The world issues are scary enough, so I offer this piece instead. I was in my thirties when I first began to lose words as I summoned them. I was leading a movement meditation workshop in Vermont and that perfect metaphor, that evocative description of our work, began to slip away from my grasp as I taught. When the workshop was completed, I don’t think anyone but me realized that my MS had begun to develop cognitive malfunction. I tried to adapt language that did not need a master’s degree to comprehend. I pictured my brain as having tiny Swiss cheese holes growing inside. On the long drive home, I decided that I would go back solely to conducting one on one counseling sessions. I could no longer hold the stress of twenty egos in my awareness when I was struggling to keep my own intact.

Now that I have begun my seventieth year, I have joined everybody else around me in those slippages of short term and working memory loss. Euphemistically called “senior moments”, they are a normal feature of our daily interactions. As I am describing the movie that I saw just last night, the name of that actor is….?? I go into my kitchenette for….??? I am learning to stop right there and observe what happens next.

Invariably I run through a number of reactions. Frustration, anger, fear (strong one), and eventually, humor, all take their turns. I live in an assisted living area and my neighbors are in various stages of cognitive capability. My 100-year-old near neighbor is sharper than I am on many fronts. Other neighbors, in a carefully monitored area, are unable to function on their own at all and are supervised so that they don’t accidentally wander off beyond the secured doors. Dementia is very stigmatized label, and I have a healthy respect that their current condition could easily become mine or yours. At Kendal we are given so much compassionate care with appropriate stimulation tailored to every individual. Of course, millions of people are not so fortunate as those who are privileged to live here. I watched my mother die with AIDs related dementia, and my husband had brain tumors that distorted his participation in the world before he died.

What if I looked at my own forgetful blank spaces as a gift? I am stopped in my tracks to pay attention to my normal juggernaut of words and actions. Why not hold them as a teaching and not a sign of something that is being taken away from me?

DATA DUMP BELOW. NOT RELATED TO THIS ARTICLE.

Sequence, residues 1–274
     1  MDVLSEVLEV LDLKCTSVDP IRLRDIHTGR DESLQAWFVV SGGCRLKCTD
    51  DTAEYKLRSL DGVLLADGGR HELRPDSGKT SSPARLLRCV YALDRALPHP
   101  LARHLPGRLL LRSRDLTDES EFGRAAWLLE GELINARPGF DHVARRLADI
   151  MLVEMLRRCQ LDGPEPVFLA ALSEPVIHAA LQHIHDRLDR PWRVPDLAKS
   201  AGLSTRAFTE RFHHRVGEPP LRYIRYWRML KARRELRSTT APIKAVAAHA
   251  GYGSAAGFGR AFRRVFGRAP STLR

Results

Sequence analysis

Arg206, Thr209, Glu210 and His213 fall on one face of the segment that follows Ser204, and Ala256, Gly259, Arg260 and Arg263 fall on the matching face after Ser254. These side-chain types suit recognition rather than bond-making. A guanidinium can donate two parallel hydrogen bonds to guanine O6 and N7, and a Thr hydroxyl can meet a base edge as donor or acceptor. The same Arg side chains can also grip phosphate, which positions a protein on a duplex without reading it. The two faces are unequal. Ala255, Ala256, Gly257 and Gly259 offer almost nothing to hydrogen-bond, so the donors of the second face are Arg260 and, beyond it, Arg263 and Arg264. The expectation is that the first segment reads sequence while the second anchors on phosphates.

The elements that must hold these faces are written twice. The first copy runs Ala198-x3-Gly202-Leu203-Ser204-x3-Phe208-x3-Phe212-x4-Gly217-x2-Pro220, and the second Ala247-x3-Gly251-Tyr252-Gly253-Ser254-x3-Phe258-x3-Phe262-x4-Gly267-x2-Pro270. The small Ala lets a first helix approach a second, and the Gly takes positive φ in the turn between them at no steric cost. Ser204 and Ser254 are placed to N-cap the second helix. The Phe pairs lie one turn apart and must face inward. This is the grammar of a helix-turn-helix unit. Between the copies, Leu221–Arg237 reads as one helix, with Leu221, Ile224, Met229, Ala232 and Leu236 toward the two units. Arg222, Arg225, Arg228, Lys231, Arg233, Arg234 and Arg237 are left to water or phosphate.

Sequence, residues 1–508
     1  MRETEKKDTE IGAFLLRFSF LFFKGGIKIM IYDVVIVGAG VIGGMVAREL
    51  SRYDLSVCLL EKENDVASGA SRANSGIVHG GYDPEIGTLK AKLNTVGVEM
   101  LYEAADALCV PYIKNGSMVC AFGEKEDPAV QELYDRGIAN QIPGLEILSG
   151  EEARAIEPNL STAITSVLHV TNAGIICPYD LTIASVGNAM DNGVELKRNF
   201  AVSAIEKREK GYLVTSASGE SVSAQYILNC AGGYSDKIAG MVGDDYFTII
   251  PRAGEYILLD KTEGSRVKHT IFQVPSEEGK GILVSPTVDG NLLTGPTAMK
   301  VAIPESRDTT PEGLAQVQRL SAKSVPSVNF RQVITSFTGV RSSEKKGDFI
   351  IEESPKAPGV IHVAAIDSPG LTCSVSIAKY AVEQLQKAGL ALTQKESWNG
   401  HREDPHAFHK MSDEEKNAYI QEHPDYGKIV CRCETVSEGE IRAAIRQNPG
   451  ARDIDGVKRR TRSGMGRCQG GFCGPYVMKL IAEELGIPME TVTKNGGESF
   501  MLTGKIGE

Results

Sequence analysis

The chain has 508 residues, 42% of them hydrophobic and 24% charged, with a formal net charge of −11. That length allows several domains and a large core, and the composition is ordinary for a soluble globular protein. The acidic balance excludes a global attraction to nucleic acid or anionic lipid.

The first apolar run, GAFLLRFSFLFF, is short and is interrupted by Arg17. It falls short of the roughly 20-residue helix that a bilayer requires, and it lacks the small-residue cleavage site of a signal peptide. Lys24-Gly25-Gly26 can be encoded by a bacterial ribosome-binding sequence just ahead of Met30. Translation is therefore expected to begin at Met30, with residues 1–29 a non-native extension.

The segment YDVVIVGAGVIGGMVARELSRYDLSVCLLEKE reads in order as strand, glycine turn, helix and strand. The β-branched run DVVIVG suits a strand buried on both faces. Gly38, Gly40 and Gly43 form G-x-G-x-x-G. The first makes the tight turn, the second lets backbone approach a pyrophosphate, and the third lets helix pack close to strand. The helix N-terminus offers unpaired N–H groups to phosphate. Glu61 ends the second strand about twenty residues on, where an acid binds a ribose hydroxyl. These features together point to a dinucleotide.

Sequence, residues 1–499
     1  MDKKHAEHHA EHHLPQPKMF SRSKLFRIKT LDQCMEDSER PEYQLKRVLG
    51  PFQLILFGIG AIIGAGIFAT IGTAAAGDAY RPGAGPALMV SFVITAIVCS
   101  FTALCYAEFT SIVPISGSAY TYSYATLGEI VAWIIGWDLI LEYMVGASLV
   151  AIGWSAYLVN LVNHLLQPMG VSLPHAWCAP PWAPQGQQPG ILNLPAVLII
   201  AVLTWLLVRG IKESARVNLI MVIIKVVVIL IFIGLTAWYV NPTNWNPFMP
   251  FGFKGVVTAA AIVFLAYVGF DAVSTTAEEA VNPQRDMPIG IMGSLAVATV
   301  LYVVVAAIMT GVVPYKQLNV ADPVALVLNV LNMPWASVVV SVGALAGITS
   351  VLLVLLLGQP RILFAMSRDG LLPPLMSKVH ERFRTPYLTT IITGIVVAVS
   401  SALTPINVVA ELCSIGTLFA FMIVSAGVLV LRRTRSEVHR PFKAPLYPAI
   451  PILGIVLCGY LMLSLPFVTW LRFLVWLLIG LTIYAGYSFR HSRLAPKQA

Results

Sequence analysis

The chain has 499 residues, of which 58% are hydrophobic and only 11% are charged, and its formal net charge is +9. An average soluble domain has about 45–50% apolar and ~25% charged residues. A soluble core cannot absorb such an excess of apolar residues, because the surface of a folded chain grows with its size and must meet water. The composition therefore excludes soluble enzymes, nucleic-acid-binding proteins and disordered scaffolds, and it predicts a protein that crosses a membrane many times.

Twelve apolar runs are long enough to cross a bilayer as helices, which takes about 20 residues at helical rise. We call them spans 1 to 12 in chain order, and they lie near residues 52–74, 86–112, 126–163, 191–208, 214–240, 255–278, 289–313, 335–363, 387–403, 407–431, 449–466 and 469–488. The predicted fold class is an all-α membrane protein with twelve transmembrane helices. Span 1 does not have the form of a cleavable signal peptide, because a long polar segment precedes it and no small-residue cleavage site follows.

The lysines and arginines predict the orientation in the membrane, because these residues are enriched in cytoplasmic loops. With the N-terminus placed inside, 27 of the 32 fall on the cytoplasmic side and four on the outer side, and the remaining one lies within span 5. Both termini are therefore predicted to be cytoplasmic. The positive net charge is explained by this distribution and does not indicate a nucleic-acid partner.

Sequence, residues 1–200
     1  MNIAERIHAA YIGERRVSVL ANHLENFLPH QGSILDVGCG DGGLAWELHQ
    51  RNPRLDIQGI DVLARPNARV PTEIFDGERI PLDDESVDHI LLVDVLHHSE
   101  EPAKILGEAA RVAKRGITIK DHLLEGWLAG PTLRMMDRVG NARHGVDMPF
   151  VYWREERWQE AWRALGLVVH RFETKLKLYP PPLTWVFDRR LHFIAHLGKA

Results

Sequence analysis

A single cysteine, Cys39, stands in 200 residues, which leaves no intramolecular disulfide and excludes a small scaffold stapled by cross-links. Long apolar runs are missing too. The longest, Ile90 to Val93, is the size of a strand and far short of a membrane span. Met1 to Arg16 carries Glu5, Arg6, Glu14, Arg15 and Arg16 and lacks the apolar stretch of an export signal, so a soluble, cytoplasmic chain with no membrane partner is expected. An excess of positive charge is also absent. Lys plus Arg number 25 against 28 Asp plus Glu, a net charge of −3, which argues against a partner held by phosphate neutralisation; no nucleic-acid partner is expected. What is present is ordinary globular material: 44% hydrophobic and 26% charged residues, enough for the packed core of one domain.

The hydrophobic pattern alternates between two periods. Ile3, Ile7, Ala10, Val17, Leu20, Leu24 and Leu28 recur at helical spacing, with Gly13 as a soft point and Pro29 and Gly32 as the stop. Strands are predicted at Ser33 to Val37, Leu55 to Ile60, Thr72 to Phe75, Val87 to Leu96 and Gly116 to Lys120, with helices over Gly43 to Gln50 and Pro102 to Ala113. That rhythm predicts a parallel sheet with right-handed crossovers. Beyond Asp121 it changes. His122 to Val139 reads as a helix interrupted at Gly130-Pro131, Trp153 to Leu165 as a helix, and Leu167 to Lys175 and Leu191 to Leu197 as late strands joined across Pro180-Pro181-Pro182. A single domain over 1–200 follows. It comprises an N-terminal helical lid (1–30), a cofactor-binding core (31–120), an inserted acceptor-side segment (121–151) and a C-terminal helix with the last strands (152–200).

What happens if I allow myself to not know” for that instant? I am offered an opportunity to pause, to breathe, to be quiet, to be still, to watch what happens next. Often, I sigh in relief when I stop pushing forward where my thoughts did not want to take me. If I am in conversation with a friend, I can simply say,” I can’t remember the actor’s name, but we liked his work in that other movie we saw together last week”. Or in the kitchenette by myself, I can simply sit on my rollator, breathe, and look around. Then I might spot the cup of tea I made an hour ago still waiting for me. If I can do this without embarrassment or hint of shame, I waste no emotional energy to reheat the tea and take it back to my desk to continue writing.

Awareness is a much more efficient space from which to direct our energies. The lack of memory retrieval can be a gift to unwrap. We can learn to treat ourselves with care, respect, compassion, and self-love, which is perhaps the hardest gift of all to accept. Humor also gives us the distance to accept our aging body/minds. My cousin’s mother use to say, “Oh, I’ll remember alright, but it’s not always the same day delivery.”

Stop Right There

That unarticulated thought

the unshed tear

the catch in your throat

that sigh

was it relief or sorrow for what is lost?

A forgotten name

an unmet appointment

pushing the wrong button

 a failed attempt

There is a way

to hold yourself

in loving acceptance

to be aware

without judgement

for always being exactly who

and what

and where you are

and still to do your best

this is my return address

2 thoughts on “Blue Moon Halloween: Stop Right There

  1. Judi, I am with you completely. My brain skips, trips and fades. I find it unnerving and
    frightening. Shame often takes over too. Your writing seems intact and even eloquent.
    I wonder how does that work when other times our words feel like disjointed cars on a train.
    Thanks so much for sharing your positive perspective of acceptance.
    Sending a warm embrace. Judith


    1. Thanks Judith. I write a lot and often as a way to discover what I keep below my conscious thoughts. Much of it is not for posting as it is far from intact. Every now and then the murk clears and clarity prevails- I try to take advantage of anything and everything that inspires and supports dissolving my default position of shame. Hugs back, and yesterday I wore the purple earrings you gave me before I left. I always think of you whispering wisdom in my ears…xoJ


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